- Inceptor Squads: Primaris marines who fulfill an analogue to the Assault squad role, though their function is less about engaging the enemy at close quarters and more to act as the spearhead unit that will arrive in advance of the main force and secure the drop zone. Their Assault Bolters and Plasma Exterminators are surprisingly powerful for their size, allowing Inceptors to perform deadly hit-and-run attacks.
- Reiver Squads: Primaris specialists in shock and awe tactics, who fill a role somewhere between Assault Squad and Scouts. Their mission profile is to create confusion and terror by attacking from unexpected angles, so to do this they can either infiltrate onto the battlefield or glide in silently on grav chutes. In battle, they can choose to wield either a paired combat blade and heavy bolt pistol for melee use or a bolt carbine for close-quarters firefights.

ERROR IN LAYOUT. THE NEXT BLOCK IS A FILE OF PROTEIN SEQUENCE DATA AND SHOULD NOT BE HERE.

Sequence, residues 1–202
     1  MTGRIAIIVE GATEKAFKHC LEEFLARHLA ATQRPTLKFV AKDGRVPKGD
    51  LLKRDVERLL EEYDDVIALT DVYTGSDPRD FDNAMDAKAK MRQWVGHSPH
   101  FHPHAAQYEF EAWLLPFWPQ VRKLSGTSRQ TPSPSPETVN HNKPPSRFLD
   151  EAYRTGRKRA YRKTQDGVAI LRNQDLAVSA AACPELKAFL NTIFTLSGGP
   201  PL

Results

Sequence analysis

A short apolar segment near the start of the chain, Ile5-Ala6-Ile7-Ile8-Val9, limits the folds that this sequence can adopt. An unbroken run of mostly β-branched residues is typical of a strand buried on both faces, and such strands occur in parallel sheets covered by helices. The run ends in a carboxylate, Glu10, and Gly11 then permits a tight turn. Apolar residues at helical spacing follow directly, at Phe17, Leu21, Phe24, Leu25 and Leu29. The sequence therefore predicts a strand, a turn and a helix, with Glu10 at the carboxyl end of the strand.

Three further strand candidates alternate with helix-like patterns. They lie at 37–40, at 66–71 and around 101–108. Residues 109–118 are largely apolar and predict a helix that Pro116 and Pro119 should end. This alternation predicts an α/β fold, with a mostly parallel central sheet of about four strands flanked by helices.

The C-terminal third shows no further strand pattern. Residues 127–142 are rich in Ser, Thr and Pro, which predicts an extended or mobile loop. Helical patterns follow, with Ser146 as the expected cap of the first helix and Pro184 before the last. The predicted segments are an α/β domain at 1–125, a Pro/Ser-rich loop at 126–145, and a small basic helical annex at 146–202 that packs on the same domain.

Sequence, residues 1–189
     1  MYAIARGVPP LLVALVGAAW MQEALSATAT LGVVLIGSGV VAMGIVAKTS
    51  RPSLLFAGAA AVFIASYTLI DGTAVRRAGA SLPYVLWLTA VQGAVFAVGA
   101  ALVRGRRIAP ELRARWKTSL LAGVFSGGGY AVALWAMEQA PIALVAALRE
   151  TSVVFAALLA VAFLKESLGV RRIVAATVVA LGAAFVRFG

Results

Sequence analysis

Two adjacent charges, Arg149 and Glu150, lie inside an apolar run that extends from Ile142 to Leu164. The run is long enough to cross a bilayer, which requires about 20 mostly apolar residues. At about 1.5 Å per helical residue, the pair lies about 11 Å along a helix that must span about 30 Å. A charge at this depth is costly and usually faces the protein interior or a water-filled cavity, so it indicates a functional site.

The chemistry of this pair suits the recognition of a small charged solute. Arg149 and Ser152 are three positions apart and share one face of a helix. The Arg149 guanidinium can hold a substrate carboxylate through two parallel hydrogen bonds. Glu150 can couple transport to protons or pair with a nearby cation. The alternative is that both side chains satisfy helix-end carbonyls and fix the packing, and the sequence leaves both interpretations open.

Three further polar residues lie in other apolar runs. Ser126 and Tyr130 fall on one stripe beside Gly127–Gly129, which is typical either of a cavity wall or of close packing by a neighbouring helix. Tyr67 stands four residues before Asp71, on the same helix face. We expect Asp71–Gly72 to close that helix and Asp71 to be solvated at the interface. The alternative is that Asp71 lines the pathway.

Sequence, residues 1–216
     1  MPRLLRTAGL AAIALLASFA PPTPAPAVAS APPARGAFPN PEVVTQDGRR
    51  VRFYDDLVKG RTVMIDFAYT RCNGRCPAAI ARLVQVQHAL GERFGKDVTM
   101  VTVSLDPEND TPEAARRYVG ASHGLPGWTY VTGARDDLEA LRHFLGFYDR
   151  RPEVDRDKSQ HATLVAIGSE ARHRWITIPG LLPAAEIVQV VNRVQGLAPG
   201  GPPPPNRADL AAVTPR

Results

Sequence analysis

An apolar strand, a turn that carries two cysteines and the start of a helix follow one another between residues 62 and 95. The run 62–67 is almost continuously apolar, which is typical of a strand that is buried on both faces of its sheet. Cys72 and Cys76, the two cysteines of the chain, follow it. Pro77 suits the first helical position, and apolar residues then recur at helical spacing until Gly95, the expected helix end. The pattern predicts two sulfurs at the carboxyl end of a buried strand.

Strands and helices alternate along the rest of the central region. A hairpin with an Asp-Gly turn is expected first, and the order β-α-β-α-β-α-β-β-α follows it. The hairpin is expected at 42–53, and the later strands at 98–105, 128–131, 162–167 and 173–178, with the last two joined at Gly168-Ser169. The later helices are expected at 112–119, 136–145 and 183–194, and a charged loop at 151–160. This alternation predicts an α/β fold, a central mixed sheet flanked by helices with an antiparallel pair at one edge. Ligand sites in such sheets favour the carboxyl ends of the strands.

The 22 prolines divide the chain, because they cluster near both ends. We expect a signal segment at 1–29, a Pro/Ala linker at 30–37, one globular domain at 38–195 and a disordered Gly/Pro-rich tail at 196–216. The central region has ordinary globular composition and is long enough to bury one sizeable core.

- Scout Squad: Scout Marines are Neophyte Space Marines who are charged with scouting terrain and enemy positions, in addition to demolitions and what we would today call special forces operations. A risky job, but this has the effect of ensuring that the more cautious ones survive while the reckless and foolish are weeded out.
- Veteran: Veteran Marines are those who have seen through several centuries, allowing them access to all the cool toys in the Chapter's armory. They're hopefully experienced and cool-headed enough not to, say, super-glue the relic blade of the founder to the codpiece of their armor to skullfuck the enemies of mankind. A Chapter's first company veterans get to wear Terminator armor (the Crux Terminatus is a cross between a medal and authorization papers), but they sometimes stay with normally-sized power armor instead, which is instead slowly turned into Artificer armor by all the bling and enhancements. Power-armored Veterans are divided into two subgroups: Vanguard (who focus on close quarters combat) and Sternguard (who focus on bolter drills and other forms of ranged warfare).
The first and tenth companies very rarely take to the field as single formations. Instead, the veterans are seconded to other companies, often serving as commanding officers and sergeants to other squads, so as to spread their experience and skill as widely as possible. Whilst the same is also said of Scouts, who are attached to other companies as auxiliary units so that they can learn their trades alongside their more experienced brothers.